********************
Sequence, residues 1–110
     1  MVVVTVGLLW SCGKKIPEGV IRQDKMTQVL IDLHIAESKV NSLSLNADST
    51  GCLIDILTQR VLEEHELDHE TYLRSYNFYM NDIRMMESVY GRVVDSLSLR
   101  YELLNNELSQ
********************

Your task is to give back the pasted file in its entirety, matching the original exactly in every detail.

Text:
Sequence, residues 1–110
     1  MVVVTVGLLW SCGKKIPEGV IRQDKMTQVL IDLHIAESKV NSLSLNADST
    51  GCLIDILTQR VLEEHELDHE TYLRSYNFYM NDIRMMESVY GRVVDSLSLR
   101  YELLNNELSQ